The Haunting: Among the haunting activity is the ghost of a woman in a green turban who some believe to be the ghost of a slave killed for poisoning the head mistress and her two daughters. Others claim this ghost is not a young slave but an older, unknown woman. There is also a little girl who has appeared as well as a frustrated piano player who continuously practices the same cord over and over on the old piano.
See It: Dine in the restaurant, take a tour or spend the night. The choice is yours.
The Queen Mary - Long Beach, CA
The History: Her maiden voyage was May 27, 1936, but with the coming of WWII, she was refitted and used as a troop ship housing 5,500 souls by May 5, 1940. By the end of the war, it was used to transport as many as 12,886 war brides and children from Europe to the U.S. and Canada on six voyages in four months. More war bride voyages would follow. It became a cruise ship in 1963 but, by 1967, it was purchased for Long Beach, CA to act as restaurant and museum with the first hotel rooms opening in 1972.
The Haunting: The ship’s first-class swimming pool has some of the most recorded ghost sightings and noises. Many women dressed in 1930 swimsuits have been sighted. But the spirits like to wander and have been seen in many parts of the ship - especially the engine room where two men were crushed to death by the heavy "Door 13." Those who take the self-guided walking tour of the ship have been spooked more than once!
See It: Brave enough? Spend the night or take a tour with Ghost and Legends of the Queen Mary group. The tour is technically enhanced to make certain you get a few jumps and spooks. The hotel also hosts a 'Terrorfest' of haunted mazes on Halloween.
Ross Castle - Ross, County Meath, Ireland
The History: This area shows record of settlement since the Iron Age. The castle tower was completed in 1537 by Richard Nugent, 12th Baron of Delvin. A family loyal to the English crown for their title and rank hoped to receive the extra boon of £10 given as encouragement for each fortification built in Ireland. In time, the Nugents began to marry the once rival Celtic nobles, especially the O'Reillys. In 1644, the castle was pulverized by Cromwellian soldiers in retribution for Myles O'Reilly's defiance. Restoration was begun by the family in the 19th century and the castle was later modernized with plumbing and electricity.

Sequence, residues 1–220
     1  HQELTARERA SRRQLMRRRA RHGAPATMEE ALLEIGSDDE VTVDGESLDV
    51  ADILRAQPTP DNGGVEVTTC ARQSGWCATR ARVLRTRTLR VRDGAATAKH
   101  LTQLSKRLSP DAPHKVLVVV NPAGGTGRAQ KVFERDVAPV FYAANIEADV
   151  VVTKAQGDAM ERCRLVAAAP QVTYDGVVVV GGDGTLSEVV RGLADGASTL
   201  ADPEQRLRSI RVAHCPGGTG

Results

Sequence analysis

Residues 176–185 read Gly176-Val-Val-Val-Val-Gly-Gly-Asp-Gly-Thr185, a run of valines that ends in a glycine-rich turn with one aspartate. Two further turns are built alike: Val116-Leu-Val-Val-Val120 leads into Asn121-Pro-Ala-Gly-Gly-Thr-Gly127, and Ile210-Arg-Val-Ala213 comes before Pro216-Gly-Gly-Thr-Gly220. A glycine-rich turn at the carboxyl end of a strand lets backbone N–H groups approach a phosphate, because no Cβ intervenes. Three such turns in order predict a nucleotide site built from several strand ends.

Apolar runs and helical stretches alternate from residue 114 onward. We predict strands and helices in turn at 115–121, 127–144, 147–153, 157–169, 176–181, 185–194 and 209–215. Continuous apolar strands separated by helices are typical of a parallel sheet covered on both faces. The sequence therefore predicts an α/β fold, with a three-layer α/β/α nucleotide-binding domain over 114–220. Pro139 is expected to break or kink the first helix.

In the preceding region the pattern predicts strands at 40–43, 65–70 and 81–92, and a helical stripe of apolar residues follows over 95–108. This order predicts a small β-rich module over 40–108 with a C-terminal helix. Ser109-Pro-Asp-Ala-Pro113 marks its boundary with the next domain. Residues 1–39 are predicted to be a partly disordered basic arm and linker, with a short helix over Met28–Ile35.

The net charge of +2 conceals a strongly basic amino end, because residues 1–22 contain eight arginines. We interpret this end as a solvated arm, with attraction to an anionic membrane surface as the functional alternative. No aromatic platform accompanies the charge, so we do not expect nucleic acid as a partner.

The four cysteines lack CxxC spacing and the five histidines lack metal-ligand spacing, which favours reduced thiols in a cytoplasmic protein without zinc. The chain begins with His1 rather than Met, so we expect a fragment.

The Haunting: The castle's founder, Richard Nugent, was also known as the Black Baron and, you guessed it, he had a reputation for being quite unpleasant. The Black Baron had a beautiful daughter named Sabina who had the unfortunate luck to fall in love with Orwin O'Reilly, at this time still an enemy. Moved by love to give up their home, family and wealth, they decided to elope. However, as they made their escape by boat, a storm came up and it capsized. Orwin died but Sabina lived. Crushed with heartache, she pined away in Ross Castle tower until she finally gave up the ghost, which in turn walks the halls to this day. She is said to sometimes be heard screaming! The Black Baron is also rumored to haunt the grounds, as unpleasant as ever!
See It: Besides ghost hunting, you can go fishing, golfing, horseback riding, sailing, boating, hiking, cycling, watching the races or taking flying lessons! Plenty to do in a romantic setting.
Ruthin Castle - Ruthin, North Wales, UK
The History: Legend has it that the original castle was a wooden fort lorded by Huail. He fought King Arthur and wounded him in the knee. A truce was called but Huail later mocked King Arthur and was beheaded. The first stone structure was put up by King Edward I in 1277, and the castle was owned by the crown off and on until sold by Charles I in 1632. The modern stone structure was built in 1826. However, some of the older walls, dungeons, and tunnels are still standing today.
The Haunting: This castle comes with its own Grey Lady. Dating back to the time of Edward I, this ghost was sentenced to death for killing the lover of her husband. Soldiers are said to still march around the grounds, and prisoners, long dead, are still heard moaning in agony.
See It: Besides ghost hunting and random spooks, this castle offers medieval banquets (one with a murder mystery theme!), golf, and romantic getaway packages.
The Sagamore - Bolton Landing, NY
The History: This hotel was originally built in 1883 to provide a getaway on Lake George in the Adirondack Mountains. This historic building suffered two fires but was reconstructed in 1930. The resort was meant to be a retreat for the wealthy and is still neighbored by palatial mansions across the lake.